Ward Pond's SQL Server blog

Ruminating on issues pertinent to the design and development of sound databases and processes under Microsoft SQL Server 2008, SQL Server 2005, and SQL Server 2000 (while reserving the right to vent about anything else that's on my mind)

Windows 7 Now Available

Windows 7 Now Available

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Windows 7 logo

You might have heard about this somewhere else..  but Windows 7 was launched today.

I recently got an upgraded laptop from my employer, upon which I installed Windows 7.  Both the machine and the software are quite remarkable.

First, the machine, so you can see how sweetly I’m riding these days, is an HP EliteBook 8530w (2.8gHz Intel® Core™ 2 Duo Processor T9600, 8gB RAM, 250gB hard disk, and all the extras which are typical these days).

What’s really incredible is how the lighter footprint of Win7 vis a vis Vista impacts my ability to mulitask on the new machine.  On my old Vista box (2gB RAM) I could run an instance of SQL, but the productivity of the other applications on the PC was immediately and dramatically impacted.

Well, for my SQLRAP unit testing work, I’ve installed four instances on my new machine (SQL2005_32bit, SQL2005_64bit, SQL2008_32bit, SQL2008_64bit).

Guess what?  I can start all four instances, do significant SQLRAP work in two of them (via two instantiations of SSMS), and I still have enough headroom to run Office 2010.

Much of this is the extra 6gB, sure, but don’t discount the fact that the new Win7 OS is far less resource-intensive (memory, in particular) than its predecessors.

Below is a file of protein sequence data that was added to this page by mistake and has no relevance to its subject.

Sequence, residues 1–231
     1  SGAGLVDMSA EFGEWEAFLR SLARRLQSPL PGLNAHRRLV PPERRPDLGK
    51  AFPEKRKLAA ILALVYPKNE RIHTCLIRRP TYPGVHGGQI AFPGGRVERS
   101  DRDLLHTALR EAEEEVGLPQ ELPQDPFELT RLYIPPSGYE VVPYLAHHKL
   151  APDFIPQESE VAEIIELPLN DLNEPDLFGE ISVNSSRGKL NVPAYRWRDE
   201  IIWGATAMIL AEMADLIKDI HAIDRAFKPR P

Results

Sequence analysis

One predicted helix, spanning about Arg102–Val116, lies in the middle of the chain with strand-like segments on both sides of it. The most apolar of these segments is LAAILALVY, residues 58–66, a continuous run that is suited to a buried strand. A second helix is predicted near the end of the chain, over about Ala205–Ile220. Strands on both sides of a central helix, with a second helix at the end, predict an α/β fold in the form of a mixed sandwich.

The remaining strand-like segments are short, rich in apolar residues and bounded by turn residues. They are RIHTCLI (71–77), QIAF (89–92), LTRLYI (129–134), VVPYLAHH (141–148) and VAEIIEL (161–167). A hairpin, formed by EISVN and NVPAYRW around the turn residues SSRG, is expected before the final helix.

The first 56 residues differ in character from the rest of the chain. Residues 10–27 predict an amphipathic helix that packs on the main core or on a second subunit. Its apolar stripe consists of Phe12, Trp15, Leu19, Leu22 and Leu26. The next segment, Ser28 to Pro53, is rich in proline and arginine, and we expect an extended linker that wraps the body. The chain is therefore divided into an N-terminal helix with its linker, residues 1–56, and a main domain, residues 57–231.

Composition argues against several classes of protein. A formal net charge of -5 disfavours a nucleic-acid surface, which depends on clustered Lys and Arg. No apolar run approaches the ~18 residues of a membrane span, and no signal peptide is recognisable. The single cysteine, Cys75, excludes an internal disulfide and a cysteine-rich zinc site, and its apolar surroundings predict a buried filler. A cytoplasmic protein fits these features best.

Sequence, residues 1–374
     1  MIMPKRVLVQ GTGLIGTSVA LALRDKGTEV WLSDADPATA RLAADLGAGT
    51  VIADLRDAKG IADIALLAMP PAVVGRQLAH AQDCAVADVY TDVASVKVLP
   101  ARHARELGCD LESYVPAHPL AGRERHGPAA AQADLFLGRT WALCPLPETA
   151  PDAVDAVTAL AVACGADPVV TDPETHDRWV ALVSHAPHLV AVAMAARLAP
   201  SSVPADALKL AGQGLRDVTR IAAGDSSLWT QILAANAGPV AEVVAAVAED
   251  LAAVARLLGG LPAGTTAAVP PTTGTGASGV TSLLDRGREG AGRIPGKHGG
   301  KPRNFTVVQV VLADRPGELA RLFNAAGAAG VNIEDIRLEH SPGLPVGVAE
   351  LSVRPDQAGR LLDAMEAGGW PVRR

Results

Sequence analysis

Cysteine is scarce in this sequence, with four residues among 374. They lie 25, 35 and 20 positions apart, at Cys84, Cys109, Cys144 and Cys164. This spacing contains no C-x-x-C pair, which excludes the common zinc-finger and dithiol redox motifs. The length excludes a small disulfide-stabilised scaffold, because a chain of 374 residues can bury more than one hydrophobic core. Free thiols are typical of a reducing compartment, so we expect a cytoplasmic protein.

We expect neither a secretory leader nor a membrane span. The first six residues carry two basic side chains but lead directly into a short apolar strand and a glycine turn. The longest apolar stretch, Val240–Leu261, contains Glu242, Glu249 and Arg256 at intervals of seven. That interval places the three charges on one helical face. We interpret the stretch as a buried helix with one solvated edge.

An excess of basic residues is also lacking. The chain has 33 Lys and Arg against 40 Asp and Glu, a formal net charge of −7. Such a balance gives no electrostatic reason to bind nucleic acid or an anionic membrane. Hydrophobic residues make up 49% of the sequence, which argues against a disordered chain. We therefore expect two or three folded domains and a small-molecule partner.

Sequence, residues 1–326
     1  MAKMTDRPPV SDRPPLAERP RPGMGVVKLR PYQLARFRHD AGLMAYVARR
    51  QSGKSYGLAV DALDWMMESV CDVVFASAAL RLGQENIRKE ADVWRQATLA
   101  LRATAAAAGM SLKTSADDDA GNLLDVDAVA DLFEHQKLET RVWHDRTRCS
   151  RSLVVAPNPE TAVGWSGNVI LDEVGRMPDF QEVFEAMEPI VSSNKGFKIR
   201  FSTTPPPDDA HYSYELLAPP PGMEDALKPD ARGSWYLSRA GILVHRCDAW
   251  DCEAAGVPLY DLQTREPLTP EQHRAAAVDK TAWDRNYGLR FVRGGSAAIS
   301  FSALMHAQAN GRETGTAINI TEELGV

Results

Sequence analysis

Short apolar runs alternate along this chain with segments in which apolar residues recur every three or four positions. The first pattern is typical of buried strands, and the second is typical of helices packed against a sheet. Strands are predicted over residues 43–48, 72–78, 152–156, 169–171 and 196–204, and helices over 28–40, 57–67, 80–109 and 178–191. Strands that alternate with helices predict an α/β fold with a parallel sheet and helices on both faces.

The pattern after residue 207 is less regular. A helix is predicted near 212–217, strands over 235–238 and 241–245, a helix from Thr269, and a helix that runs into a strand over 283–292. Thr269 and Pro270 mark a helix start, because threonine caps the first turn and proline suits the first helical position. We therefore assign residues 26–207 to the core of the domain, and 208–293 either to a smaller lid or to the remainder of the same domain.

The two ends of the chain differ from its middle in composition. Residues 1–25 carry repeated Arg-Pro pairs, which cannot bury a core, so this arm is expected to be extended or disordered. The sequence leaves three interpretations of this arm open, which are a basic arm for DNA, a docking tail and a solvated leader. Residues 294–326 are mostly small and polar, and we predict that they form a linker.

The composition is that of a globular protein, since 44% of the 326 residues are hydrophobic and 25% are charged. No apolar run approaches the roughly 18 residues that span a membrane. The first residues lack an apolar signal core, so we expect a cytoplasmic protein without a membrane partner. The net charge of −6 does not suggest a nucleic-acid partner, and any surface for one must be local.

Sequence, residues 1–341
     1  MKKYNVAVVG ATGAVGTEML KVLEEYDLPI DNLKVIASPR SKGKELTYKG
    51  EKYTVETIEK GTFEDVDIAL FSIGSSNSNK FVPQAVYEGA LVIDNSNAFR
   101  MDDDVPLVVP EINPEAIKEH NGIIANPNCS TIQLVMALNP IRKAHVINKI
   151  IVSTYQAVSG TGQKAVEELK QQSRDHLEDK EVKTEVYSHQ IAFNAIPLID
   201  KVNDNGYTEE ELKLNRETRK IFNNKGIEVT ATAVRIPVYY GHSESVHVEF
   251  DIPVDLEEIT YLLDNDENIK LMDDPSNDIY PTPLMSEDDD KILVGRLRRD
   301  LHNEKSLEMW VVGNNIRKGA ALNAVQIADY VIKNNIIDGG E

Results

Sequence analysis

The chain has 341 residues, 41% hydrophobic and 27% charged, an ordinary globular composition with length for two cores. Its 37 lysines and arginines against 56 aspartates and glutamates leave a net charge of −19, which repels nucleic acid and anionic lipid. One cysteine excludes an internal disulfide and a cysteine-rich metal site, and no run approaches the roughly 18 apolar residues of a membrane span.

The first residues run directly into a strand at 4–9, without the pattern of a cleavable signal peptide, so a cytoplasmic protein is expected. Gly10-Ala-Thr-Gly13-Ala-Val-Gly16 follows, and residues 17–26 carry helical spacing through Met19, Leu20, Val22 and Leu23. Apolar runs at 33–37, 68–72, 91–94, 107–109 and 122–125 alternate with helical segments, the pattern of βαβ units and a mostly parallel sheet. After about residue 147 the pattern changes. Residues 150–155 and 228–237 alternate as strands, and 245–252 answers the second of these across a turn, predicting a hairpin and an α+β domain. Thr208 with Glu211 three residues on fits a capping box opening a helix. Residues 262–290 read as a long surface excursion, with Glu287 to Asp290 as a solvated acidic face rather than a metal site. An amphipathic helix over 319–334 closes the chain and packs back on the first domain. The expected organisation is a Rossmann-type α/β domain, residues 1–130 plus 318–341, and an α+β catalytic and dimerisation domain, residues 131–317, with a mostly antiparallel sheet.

So far, after a week and a half, I have no complaints, and my productivity has definitely increased.

Windows 7 is definitely worth a look in my book.  What has your experience with it been?

-wp


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Comments
  • I was previously running Server 2008 as my desktop OS, and have now upgraded to R2, which was supposed to have the same "lightweightness" as Windows 7. I've noticed no difference at all, except for UI tweaks. Not that I had much of a problem anyway--I switched to Server 2008 because Vista was so heavy and found that the Server OS was lighter on my laptop from the outset.

  • @Adam: I don't doubt that you're right; we have several multi-instance setups in our labs at work running on various flavors of Win Server, and it's a very un-Vista-like experience.

  • Holy correlated wait stats--some of the servers I tune have less resources than your notebook.

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